Plymouth shop refuses to sell energy drinks to children
A SHOP has banned the sale of energy drinks to children following requests from worried parents.
Trelawney Stores, on Trelawney Road, in Peverell has a sign displayed stating "Following requests from parents the high caffeine drinks listed below will not be sold to under 16s."
The drinks listed include Relentless, Monster, Rockstar and Red Bull which contain high quantities of caffeine and sugar.
The sign warns that people may be requested to show identification to prove they are over 16.
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Parents are concerned about the health effects of the drinks.
Owner Paul Gentle said: "We're in a highly residential area and following a number of requests from parents not to sell energy drinks to their children, we decided to impose a blanket ban.
"It's responsible retailing – if the parents don't want their children to buy these drinks then we are happy to help impose those rules.
"Some of the drinks are worse than others, but we specify which drinks are included in the ban on the poster.
"I've drank some of them and had palpitations, so they must have an affect on children.
"Some schools don't allow certain drinks to be taken in so we're helping with that by not allowing children to buy them."
Energy drinks differ in how much caffeine they contain, but usually there is around 80mg of caffeine in a small 250ml can, which is the same as three cans of cola or one mug of instant coffee.
They are also usually high in sugar.
The UK Food Standards Agency defines a high-sugar product as containing 10g of sugar per 100g - Red Bull contains 11.3g per 100g.
Energy drinks also contain other ingredients such as glucuronolactone, taurine and sodium citrate.
Mr Gentle added: "It began after two or three parents came in and requested that we don't sell the drinks to children.
"There are plenty of other drinks for them to choose from.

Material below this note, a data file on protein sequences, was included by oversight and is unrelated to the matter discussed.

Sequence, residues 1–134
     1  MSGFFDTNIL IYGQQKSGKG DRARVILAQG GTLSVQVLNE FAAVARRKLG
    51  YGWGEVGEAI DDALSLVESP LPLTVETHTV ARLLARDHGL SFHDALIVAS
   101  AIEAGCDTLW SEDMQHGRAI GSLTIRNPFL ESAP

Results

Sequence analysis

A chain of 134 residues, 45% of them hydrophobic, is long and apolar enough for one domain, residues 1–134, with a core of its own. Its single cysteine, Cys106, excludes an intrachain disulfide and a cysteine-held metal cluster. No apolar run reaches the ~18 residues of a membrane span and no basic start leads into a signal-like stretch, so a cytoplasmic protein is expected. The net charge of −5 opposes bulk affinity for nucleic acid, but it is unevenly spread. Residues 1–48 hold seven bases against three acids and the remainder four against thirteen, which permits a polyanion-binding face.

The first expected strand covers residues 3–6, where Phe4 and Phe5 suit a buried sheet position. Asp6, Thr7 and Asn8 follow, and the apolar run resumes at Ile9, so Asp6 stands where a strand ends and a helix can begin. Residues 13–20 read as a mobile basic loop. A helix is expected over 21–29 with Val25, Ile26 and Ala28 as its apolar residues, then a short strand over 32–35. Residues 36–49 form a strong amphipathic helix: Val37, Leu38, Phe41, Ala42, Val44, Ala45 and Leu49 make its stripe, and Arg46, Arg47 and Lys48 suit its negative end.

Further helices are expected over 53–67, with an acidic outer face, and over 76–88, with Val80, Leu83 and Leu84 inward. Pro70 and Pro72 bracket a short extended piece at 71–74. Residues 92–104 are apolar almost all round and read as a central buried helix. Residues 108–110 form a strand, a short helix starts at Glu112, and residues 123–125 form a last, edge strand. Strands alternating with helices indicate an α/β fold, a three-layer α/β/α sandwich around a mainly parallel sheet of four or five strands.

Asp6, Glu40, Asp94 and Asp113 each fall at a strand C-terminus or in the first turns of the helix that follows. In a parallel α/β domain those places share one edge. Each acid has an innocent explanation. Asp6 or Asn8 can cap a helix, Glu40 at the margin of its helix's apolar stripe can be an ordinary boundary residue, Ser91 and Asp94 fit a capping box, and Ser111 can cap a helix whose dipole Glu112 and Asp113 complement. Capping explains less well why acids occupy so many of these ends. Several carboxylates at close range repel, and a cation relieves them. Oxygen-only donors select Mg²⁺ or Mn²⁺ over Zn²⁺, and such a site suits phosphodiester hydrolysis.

"But we do have issues with kids wanting to buy them – they often come in and ask if they can.
"We've only had one occasion when a child was refused an energy drink and then they came back in with a parent who bought it for them.
"Not every parent refuses to let their children have the drinks."
Martine Fletcher was in the store with her two children and said she never lets them have energy drinks.
Mum to Amber, aged 10 and seven-year-old Kendall said: "They never have energy drinks and I only let them have fizzy drinks on their birthdays or at Christmas.
"I just think they're horrible.
"I agree that energy drinks shouldn't be sold to under 16s and my children never come home with those drinks because they're not allowed to buy them."
While there is no official ban on selling the drinks to under 16s, new labelling legislation will apply from December 13, 2014.
This will require additional caffeine labelling for high caffeine drinks and foods where caffeine is added for a physiological effect.
The British Soft Drinks Association (BSDA) published a voluntary Code of Practice in April 2010 which recommends prominent labelling on energy drinks, such as 'Not suitable for children, pregnant women and persons sensitive to caffeine'.
The Code of Practice also states such drinks may not be promoted or marketed to under 16s.
There is some debate about how harmful the drinks can be to young people, but The EU Scientific Committee on Food (SCF) has conducted studies considering the effects of people consuming a high dose of caffeine.
They found it could result in behavioural changes in some people especially if they didn't usually consume much caffeine, such as irritability, nervousness and anxiety.
Gillet's-Spar on Thornbury Park Avenue has also received requests from concerned parents requesting that the energy drinks are not sold to their children.
However they only refuse to sell energy drinks to specific young people. Shop assistant Nicola said: "Shops sell energy drinks to young people at their own discretion.
"Parents have come in and asked that we don't sell energy drinks to their little ones and we make sure we don't. However there should be a restriction on children buying them. It should be illegal to sell energy drinks to under 16s."